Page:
Search tips
Search criteria 


Logo of crimpathologyCase Reports in Pathology
Case Rep Pathol. 2017; 2017: 7907359.
Published online 2017 July 2. doi:  10.1155/2017/7907359
PMCID: PMC5511680

Leiomyosarcoma and Squamous Cell Carcinoma Arising in Mature Cystic Teratoma of the Ovary


The occurrence of malignant transformation in mature cystic teratoma of the ovary is rare, with squamous cell carcinoma being the most common histologic type. Sarcomatous transformation has been rarely described in the literature. We present a case of leiomyosarcoma with a minor component of squamous cell carcinoma arising in mature cystic teratoma of ovary in a 65-year-old woman. The malignant tumor showed two distinct components of sarcomatous and invasive epithelial elements, which were confirmed by immunostaining. To our knowledge, only four cases of leiomyosarcoma in ovarian mature cystic teratoma have been reported and this is a unique case report of leiomyosarcoma and squamous cell carcinoma arising in a mature cystic teratoma of ovary.

1. Introduction

Mature cystic teratoma (dermoid cyst) is the most common type of ovarian neoplasms, accounting for approximately 10%–20% of all ovarian tumors [1]. It is a type of germ cell tumor of the ovary and may arise from postmeiotic primordial germ cells [2]. Over 80% of cases are diagnosed in women of reproductive age [3].

Somatic-type cancer (malignant transformation) arising from dermoid cyst is rare and occurs in approximately 1-2% of cases, typically in postmenopausal women [1, 3]. Squamous cell carcinoma is the most common histologic type of malignancy (approximately 80% of cases), followed by adenocarcinoma (approximately 15%) [1, 3]. Other rare types of malignancies include melanoma, carcinoid, thyroid carcinoma, basal cell carcinoma, and sarcoma [3, 4]. Various types of sarcoma arising in an ovarian dermoid cyst have been reported such as angiosarcoma [5], osteosarcoma [68], malignant fibrous histiocytoma [9, 10], rhabdomyosarcoma [11], chondrosarcoma [12], and leiomyosarcoma [3, 8, 13, 14].

To our knowledge, only four cases of leiomyosarcoma arising in ovarian dermoid cyst have been described [3, 8, 13, 14]. In one of these cases, an associated component of squamous cell carcinoma in situ was also present. In this report, we present another case of leiomyosarcoma arising in mature cystic teratoma of the ovary, with a coexisting minor component of squamous cell carcinoma.

2. Case Presentation

A 65-year-old, gravida 0 para 0, postmenopausal woman presented with abdominal pain for one week. A whole abdominal computed tomography scan showed a large intraabdominal mass (24.2 × 21.2 × 16.9 cm) containing fat, calcification, and soft tissue parts with irregular border, which was suspicious for teratoma of the ovary with malignant component. Multiple peritoneal nodules, intraabdominal lymphadenopathy (aortocaval, perihepatic, and diaphragmatic regions), left adrenal nodule, and two subpleural nodules in the basal parts of both lungs were considered likely metastatic involvement from the ovarian tumor. The serum CA-125 level was 202.5 U/mL (normal < 35 U/mL). The patient underwent an exploratory laparotomy for tumor debulking. Intraoperatively, a 30 cm right ovarian tumor and multiple omental nodules were identified. A total abdominal hysterectomy with bilateral oophorectomy and omentectomy was performed. The suspected metastatic lesions in the upper abdomen including adrenal gland and lungs were not surgically removed.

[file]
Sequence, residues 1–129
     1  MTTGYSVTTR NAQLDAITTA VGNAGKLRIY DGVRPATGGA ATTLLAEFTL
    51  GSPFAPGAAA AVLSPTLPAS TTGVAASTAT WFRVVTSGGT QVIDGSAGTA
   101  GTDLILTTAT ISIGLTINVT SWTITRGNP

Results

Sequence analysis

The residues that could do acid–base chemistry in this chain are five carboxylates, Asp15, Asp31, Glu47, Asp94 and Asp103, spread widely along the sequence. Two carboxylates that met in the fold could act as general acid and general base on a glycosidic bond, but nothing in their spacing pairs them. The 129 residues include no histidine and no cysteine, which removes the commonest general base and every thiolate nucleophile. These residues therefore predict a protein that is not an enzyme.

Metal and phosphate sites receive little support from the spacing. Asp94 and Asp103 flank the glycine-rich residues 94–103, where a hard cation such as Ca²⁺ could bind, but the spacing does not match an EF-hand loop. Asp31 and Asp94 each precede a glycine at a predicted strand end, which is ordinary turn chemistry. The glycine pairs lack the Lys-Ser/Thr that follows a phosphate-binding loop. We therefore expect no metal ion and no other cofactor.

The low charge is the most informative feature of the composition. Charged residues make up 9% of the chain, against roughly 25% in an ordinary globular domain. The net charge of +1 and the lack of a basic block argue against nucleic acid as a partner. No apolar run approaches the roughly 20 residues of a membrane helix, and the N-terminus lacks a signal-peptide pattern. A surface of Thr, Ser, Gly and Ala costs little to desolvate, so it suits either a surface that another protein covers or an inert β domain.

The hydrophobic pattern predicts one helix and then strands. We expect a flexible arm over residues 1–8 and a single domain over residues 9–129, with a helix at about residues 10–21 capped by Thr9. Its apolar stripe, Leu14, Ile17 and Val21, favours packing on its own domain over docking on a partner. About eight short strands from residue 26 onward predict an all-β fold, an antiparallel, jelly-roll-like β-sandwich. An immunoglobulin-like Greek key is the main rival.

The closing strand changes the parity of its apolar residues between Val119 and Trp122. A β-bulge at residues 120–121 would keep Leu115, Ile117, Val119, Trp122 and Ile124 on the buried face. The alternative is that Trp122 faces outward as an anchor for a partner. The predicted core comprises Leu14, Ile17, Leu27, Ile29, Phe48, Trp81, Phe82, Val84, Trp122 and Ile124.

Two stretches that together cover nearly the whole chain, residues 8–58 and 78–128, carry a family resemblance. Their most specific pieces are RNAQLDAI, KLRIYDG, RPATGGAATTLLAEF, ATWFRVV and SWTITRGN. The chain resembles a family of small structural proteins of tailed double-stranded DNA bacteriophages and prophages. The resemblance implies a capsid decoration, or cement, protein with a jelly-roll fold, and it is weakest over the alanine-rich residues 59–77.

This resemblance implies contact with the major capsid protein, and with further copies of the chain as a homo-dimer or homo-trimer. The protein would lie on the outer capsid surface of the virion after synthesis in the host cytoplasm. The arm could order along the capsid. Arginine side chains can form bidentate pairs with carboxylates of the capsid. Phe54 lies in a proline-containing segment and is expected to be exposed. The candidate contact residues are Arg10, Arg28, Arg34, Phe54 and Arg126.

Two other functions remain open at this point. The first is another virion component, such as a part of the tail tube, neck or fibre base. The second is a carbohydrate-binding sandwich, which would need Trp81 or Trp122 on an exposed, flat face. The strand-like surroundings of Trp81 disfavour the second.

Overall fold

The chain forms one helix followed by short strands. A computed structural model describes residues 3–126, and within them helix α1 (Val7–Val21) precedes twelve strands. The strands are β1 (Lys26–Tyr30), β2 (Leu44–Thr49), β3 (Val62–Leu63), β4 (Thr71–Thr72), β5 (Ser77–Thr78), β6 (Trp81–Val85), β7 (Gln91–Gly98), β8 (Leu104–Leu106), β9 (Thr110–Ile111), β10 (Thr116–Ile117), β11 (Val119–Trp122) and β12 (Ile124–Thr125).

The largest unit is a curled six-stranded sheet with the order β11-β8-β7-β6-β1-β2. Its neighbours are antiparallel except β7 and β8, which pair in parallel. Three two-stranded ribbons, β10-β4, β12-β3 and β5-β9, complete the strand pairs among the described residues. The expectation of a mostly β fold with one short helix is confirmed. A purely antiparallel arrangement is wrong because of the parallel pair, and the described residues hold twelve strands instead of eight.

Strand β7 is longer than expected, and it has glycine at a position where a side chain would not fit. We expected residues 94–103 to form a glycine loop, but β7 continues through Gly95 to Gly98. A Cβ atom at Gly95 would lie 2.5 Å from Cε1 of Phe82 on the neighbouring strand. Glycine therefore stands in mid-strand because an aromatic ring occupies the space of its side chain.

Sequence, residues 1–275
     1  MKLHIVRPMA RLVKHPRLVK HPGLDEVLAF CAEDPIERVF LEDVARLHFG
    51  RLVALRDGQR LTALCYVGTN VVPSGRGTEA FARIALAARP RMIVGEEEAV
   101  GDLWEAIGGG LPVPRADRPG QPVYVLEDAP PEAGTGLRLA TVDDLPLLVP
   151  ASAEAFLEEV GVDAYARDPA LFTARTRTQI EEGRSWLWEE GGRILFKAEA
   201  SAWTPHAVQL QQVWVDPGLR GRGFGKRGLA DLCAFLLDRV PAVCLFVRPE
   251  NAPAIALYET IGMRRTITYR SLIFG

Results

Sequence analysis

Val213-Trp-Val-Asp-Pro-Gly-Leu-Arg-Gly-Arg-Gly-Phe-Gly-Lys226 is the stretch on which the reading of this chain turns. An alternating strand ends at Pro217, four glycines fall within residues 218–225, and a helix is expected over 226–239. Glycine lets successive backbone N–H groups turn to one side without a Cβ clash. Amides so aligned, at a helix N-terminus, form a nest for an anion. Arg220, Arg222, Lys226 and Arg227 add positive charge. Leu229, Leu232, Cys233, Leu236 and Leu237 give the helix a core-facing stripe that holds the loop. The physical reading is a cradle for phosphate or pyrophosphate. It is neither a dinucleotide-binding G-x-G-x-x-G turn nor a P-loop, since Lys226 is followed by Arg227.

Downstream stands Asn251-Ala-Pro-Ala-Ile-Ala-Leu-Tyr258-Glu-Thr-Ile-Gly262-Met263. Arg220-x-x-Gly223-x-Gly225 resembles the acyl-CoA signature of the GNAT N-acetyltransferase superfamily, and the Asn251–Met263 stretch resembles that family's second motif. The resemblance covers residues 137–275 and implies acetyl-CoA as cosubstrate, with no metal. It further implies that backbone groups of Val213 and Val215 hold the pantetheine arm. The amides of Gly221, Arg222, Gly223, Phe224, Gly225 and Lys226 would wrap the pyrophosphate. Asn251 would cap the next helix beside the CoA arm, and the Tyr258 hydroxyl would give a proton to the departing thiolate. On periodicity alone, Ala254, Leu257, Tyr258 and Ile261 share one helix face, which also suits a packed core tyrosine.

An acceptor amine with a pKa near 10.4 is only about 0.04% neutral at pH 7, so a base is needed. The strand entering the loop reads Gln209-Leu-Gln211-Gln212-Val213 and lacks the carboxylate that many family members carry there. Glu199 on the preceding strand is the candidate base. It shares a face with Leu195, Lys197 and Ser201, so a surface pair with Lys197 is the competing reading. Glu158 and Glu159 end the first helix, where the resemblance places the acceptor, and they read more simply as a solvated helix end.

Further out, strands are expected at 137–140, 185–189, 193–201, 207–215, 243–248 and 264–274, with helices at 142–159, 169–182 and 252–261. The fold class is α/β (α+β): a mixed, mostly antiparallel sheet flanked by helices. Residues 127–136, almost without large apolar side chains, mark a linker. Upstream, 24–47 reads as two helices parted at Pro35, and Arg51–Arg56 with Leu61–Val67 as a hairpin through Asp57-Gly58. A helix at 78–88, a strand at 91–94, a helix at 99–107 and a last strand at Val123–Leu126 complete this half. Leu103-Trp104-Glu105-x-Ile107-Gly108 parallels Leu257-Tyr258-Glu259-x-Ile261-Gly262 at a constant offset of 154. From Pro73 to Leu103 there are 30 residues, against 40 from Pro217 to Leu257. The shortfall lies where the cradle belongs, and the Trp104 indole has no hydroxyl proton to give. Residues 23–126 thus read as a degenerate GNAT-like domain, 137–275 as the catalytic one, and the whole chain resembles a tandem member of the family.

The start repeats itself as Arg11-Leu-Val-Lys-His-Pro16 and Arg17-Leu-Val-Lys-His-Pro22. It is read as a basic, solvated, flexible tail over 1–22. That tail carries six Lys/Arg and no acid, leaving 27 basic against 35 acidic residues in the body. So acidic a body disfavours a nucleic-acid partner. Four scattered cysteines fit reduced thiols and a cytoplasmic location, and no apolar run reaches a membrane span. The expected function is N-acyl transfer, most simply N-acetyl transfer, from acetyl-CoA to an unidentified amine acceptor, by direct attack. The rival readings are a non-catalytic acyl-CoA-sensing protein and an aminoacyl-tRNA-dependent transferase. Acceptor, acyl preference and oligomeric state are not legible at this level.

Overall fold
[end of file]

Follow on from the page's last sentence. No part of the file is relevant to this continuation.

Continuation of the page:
Macroscopically, the right ovarian mass was a solid-cystic tumor composed of a 17 cm unilocular cystic part with thick sebaceous material admixed with hairs and a solid mural thickening (13 × 10 × 4 cm) which showed a gray tan trabeculated sectioned surface. The solid part of tumor invaded through the external surface with involvement of the right tube. Microscopically, the cystic part showed a cutaneous lining composed of keratinized squamous epithelium (Figure 1(a)) with associated cutaneous appendages, associated with underneath mature fat tissue and cartilage, typical of a dermoid cyst. The mural solid component was composed of intersecting fascicles of malignant spindle cells with diffuse moderate to marked nuclear atypia. The neoplastic cells showed blunt-ended (cigar-shaped) nuclei with eosinophilic fibrillar cytoplasm (Figures 1(b) and 1(c)). The mitotic count was 13 in 10 high power fields, and atypical mitotic figures were present. Areas of coagulative tumor cell necrosis were noted. The initial set of tissue sampling of 13 histologic sections did not identify any carcinomatous component or dysplastic changes in the dermoid cyst lining. The second-round tissue sampling revealed a 2 cm area of squamous cell carcinoma in the cystic surface overlying the malignant spindle cell component. Nests of squamous cell carcinoma (13 mm in depth) infiltrated into the malignant spindle cell component, but both components were distinctive to each other, without a merging or transitional area of transformation from carcinoma into spindle cells (Figures 2(a) and 2(b)). The infiltrative carcinomatous component was focally surrounded by desmoplastic stroma (Figure 2(c)).

Figure 1
Leiomyosarcoma in mature cystic teratoma of ovary. (a) The cyst lined by keratinized squamous epithelium. Note the intramural sarcomatous component beneath the cyst lining (H&E, 1.25x). (b) Leiomyosarcoma showed intersecting fascicles of malignant ...
Figure 2
Leiomyosarcoma and squamous cell carcinoma. (a) Squamous cell carcinoma at the upper part of leiomyosarcoma. Note an abrupt demarcation between two components (H&E, 4x). (b) Squamous cell carcinoma was highlighted by positive staining for AE1/AE3, ...